Let's imagine a scenario where you want a super-fast mobile app that uses a Drupal backend from an already existing site.
In my previous post, I discussed how to import a large dataset into Drupal via Drush's batch API. In this blog post, I'll cover how to create background tasks in Drupal 7 that will take long amounts of time to finish.
Recently I was working on a site for a library that had a lot of data that needed to be imported into Drupal as nodes. Each book title, e-book, DVD, etc. needed to be a node inside of their Drupal 7 website. Not only that, but the database that held this data would add new records and occasionally update and remove existing ones. This meant about 300,000 - 400,000 nodes that had to be created and kept synchronized with their internal database. In this post I'll outline how I made use of Drush and the batch API to import the dataset into Drupal from a terminal.
In the world of sorting, sometimes 'newest first' or 'oldest first' just doesn't cut it. During a recent Drupal project, we had a client who wanted to be able to control the order of their marquee images in random ways via a drag and drop interface.
Enter the Draggable Views module. In about thirty minutes, I was able to set up custom drag and drop functionality for several content types on their site. Let's dive in and I'll show you how it's done. If you prefer a video tutorial, skip to the end of this post.
It can take a while when you're new, but once you start to wrap your head around Views, that is when Drupal gets really fun. In this tutorial, I'll go over how to use Contextual Filters in Views to alter your content dynamically based on information in the URL. If you're a visual learner, you can skip to the video at the end of this post for a detailed walk through of the process.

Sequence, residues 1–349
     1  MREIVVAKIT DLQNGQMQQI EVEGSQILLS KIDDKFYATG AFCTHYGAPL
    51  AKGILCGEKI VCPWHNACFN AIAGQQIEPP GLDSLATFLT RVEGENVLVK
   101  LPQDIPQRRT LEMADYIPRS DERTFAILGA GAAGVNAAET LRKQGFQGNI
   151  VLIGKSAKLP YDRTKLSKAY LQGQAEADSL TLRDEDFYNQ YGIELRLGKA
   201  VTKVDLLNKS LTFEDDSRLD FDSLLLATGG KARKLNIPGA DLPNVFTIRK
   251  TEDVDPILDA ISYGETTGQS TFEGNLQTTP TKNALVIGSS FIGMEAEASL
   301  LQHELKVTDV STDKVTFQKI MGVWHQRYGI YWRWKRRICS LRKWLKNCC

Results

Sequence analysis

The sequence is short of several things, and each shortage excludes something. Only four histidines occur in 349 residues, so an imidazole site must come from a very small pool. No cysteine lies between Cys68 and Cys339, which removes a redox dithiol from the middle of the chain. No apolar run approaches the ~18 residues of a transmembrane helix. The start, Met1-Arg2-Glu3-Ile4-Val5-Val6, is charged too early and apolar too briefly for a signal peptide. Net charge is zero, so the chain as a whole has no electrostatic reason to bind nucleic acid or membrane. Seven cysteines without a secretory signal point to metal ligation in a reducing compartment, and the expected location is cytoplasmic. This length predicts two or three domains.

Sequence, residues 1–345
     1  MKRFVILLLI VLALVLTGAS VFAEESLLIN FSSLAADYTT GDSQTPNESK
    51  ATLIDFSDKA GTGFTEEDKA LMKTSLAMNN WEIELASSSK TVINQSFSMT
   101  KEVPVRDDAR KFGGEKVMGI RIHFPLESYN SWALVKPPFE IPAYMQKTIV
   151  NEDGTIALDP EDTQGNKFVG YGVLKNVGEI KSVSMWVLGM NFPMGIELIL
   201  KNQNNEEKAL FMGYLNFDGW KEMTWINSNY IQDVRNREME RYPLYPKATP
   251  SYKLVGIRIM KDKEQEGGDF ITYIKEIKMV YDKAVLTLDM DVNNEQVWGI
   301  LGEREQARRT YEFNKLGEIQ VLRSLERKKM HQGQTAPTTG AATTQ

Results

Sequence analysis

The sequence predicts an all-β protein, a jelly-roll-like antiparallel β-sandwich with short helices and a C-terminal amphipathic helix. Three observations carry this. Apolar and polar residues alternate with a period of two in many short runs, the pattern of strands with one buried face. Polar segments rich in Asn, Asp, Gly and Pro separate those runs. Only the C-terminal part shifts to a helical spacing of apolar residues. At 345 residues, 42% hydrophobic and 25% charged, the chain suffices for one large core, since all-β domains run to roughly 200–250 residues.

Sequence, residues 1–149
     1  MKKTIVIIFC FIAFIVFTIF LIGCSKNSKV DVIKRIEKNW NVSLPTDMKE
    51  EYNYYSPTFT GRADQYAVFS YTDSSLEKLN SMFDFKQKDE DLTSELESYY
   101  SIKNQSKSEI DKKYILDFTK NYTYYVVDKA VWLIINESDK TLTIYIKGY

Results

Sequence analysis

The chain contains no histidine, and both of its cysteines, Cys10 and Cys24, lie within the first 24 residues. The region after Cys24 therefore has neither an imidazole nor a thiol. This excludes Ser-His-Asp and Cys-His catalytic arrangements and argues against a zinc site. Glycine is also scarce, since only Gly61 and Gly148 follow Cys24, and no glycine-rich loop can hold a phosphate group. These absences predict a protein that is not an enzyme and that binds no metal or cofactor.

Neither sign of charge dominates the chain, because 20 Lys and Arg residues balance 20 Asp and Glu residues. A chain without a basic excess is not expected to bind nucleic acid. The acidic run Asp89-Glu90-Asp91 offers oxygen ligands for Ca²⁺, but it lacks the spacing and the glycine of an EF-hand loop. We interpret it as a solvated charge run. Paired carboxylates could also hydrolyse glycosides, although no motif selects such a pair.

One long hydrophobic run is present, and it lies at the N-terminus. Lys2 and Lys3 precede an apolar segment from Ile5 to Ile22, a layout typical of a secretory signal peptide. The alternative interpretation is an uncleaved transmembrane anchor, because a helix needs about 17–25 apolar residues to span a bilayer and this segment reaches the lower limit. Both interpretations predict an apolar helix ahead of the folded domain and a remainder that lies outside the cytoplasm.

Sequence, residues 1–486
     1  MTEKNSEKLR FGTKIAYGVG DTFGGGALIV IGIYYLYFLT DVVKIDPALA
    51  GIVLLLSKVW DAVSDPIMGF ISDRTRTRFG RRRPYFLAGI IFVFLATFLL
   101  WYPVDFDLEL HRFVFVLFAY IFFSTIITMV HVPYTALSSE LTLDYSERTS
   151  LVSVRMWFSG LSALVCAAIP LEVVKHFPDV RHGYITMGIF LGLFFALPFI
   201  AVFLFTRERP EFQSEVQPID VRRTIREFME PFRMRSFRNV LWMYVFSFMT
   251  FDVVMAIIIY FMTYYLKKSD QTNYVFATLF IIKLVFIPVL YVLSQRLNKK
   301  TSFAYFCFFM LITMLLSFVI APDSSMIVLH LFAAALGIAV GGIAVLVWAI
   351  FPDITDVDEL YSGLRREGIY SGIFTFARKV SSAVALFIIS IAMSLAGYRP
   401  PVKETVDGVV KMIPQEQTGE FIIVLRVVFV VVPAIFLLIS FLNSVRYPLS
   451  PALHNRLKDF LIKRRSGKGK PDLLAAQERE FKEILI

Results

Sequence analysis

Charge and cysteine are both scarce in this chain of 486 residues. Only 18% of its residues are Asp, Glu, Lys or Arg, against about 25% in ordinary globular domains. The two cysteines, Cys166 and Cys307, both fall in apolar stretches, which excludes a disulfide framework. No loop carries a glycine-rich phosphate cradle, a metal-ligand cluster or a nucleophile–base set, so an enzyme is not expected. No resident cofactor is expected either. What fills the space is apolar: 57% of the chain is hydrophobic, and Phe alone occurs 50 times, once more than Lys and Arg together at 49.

I love views. It makes my job easier, so I can focus on the more complex things, rather then having to hand-write queries, create forms for filtering data and it saves time debugging my typos. Every so often you will get a request that can't be accomplished out of the box.
If you are trying to customize the options in an exposed form, you may still need to do hook_form_alter(). Or, if you are trying to filter or sort your view by a field that doesn't appear in views, this short tutorial will show you how.
Custom formatters are a great way to control the output of your fields. In this tutorial I'm going to use an example that takes a user's Facebook URL as the input and outputs a button of the Admin's choosing, along with an option to open the link in a new window. To get started, we'll need to get a module skeleton sketched out. You'll need to create these two files:
The first file, facebooklink.info, can be fairly simple:
Update: Use this module
Old Method: Views can be very handy, but the views interface can be a little tricky. A question that comes up when training clients is "Why can't I edit this content?" when they are looking at a view. If you use the node row style, Views will add them for you but not if you use the fields style. You can surely explain how views work (results may vary depending on the client), but an even easier method is to create edit links that link directly to your content and use a little CSS/jQuery to make sure it's shown when and where it's needed. Using this method creates a handy little gear button when you roll over the content, with a link that says "Edit Content" when you click on it.